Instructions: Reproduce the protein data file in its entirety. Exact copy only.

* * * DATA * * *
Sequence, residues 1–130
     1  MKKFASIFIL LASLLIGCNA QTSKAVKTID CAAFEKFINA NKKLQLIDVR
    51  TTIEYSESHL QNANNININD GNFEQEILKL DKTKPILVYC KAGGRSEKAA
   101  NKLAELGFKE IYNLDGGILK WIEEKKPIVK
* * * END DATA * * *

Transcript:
Sequence, residues 1–130
     1  MKKFASIFIL LASLLIGCNA QTSKAVKTID CAAFEKFINA NKKLQLIDVR
    51  TTIEYSESHL QNANNININD GNFEQEILKL DKTKPILVYC KAGGRSEKAA
   101  NKLAELGFKE IYNLDGGILK WIEEKKPIVK